Even comparatively simple stuff isn’t getting done. For example, there’s been no agreement on funding the Highway Trust Fund ahead of a deadline at the end of May. Highway funding shouldn’t be that controversial, should it?

Observers who might not necessarily share the same opinions on politics are like-minded in thinking that it will take a crisis to force Washington’s hand on entitlement reform.

“The question is, how bad will the crisis be?” asks Diane Swonk, chief economist with Mesirow Financial in Chicago. “I hope it is more of a mini crisis than a major crisis.”

William Dunkelberg, chief economist for the National Federation of Independent Business, says Congress won’t act unless it absolutely has to.

“Regardless of who the leadership is, it’s very hard for the leadership to be forward-looking on these things,” he says.

Comparisons to the 2009 stimulus

Underwood’s plan could be seen as a riff on the 2009 stimulus act passed and signed by President Barack Obama in reaction to the financial crisis. The cost of the “American Recovery and Reinvestment Act” was estimated at $787 billion and has since been revised higher.

Some critics of the program still complain that it was inefficient and lacked “shovel-ready” construction jobs, while others say it wasn’t sufficiently ambitious.

“I think, for the most part, we should be fairly suspect about the government creating jobs of any value anyway,” says Dunkelberg. In his view, it would be better if both sides could agree to reform the tax code and reduce regulations that raise the cost of doing business.

The road to ‘full employment’

Getting back to the jobs part of America Works, the real-world U.S. Labor Department has said the total number of unemployed and underemployed is around 15 million. What if a president, like Underwood, could add 10 million jobs? Wouldn’t that risk worrisome inflation, or at least a rise in wages?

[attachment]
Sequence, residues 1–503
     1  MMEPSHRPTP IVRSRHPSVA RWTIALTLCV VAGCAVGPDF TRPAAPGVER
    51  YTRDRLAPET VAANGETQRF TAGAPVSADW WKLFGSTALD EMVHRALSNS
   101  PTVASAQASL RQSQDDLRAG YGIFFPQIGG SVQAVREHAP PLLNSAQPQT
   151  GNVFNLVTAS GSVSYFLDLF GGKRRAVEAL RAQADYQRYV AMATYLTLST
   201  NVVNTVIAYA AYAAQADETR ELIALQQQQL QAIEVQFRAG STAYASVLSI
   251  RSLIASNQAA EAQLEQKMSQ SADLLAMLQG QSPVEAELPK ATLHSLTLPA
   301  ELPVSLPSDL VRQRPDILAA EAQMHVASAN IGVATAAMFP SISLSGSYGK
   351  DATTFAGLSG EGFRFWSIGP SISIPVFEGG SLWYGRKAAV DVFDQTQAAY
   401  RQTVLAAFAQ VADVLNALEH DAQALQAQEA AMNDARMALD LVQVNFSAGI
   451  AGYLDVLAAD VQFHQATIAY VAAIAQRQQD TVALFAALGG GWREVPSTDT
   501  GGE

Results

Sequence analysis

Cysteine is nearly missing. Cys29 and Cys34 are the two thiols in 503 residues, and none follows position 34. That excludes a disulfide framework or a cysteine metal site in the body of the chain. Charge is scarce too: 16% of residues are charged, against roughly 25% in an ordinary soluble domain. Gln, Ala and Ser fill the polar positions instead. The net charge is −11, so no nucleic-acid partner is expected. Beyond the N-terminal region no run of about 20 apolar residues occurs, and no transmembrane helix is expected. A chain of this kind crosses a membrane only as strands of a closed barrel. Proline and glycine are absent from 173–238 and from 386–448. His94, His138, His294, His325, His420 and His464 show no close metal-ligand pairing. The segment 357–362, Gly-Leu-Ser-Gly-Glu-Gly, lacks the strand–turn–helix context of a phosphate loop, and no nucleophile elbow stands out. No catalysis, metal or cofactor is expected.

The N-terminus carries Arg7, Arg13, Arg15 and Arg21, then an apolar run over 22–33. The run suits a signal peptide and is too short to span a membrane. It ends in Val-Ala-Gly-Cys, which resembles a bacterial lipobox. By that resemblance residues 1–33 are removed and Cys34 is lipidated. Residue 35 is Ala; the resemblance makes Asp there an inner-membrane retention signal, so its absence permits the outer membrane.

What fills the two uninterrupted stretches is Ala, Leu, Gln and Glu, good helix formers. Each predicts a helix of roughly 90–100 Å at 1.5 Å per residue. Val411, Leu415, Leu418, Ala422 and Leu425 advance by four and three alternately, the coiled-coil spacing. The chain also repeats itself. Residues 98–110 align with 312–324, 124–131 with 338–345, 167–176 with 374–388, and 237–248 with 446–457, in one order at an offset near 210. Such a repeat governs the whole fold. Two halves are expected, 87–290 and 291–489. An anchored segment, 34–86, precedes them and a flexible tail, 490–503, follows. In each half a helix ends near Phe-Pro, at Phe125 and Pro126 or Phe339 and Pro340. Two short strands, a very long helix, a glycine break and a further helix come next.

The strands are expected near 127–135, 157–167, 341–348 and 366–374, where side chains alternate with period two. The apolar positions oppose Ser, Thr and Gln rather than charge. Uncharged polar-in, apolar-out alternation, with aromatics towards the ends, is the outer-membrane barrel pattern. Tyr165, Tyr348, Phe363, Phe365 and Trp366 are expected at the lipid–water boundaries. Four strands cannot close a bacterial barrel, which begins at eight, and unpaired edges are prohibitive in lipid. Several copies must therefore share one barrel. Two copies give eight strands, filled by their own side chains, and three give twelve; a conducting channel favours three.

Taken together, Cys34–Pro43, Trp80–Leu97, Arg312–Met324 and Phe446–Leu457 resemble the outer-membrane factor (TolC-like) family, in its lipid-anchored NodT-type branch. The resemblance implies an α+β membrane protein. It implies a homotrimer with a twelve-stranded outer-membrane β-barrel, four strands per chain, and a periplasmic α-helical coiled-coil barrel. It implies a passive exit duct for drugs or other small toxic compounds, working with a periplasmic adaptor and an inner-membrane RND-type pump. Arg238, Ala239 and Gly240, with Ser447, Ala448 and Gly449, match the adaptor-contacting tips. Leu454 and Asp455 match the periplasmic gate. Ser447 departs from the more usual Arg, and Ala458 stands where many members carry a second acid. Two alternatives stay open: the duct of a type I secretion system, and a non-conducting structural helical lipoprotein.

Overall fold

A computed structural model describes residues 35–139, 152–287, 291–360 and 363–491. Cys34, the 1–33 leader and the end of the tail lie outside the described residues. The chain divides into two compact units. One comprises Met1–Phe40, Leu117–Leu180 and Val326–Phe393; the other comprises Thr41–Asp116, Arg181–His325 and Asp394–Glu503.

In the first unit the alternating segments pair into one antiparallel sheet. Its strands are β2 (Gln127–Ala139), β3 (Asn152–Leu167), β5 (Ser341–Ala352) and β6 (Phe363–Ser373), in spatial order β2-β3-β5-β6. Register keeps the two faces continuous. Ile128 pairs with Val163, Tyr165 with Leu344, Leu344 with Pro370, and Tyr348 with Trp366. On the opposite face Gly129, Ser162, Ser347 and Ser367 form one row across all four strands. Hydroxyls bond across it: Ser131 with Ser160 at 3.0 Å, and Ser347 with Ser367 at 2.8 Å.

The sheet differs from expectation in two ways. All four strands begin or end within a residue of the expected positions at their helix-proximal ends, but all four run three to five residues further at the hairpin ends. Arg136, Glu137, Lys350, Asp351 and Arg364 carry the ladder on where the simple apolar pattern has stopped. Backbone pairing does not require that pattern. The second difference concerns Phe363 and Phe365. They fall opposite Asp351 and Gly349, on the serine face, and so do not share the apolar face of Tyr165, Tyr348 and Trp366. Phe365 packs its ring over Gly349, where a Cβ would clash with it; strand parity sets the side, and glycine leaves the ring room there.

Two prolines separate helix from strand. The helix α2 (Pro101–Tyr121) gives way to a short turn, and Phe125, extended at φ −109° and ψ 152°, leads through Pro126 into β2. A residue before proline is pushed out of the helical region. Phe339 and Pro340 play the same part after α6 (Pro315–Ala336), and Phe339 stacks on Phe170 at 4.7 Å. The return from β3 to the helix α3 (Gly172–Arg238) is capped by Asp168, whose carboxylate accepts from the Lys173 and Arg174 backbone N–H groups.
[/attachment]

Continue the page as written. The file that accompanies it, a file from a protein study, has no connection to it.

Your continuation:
“House of Cards” fans might agree that it’s a scenario not quite the same as pushing a journalist off a subway platform, but it could get darn scary if prices run out of control.

In the non-TV world, judging the target for full employment is tough business. Even the best minds at the Federal Reserve have been raising and lowering their aim over time.

One definition is when most people who want a job have one, without causing a spike in inflation. Employment-trends expert Challenger thinks “full employment” is likely a bit lower than the current unemployment rate.

A plot in search of a conclusion

So maybe “House of Cards” doesn’t hold the answers.

Here’s where Underwood might turn directly to the viewers and drawl: “Unlike television, the real Washington doesn’t have scriptwriters, a cast and a director looking to tie things up in a neat little bow. Those of us who’ve watched the federal government’s way of doing business in recent times know that it doesn’t always work out that way.”

Written by
Mark Hamrick
Washington Bureau Chief
Mark Hamrick is Washington Bureau Chief for Bankrate. He is a national award-winning business and financial news journalist.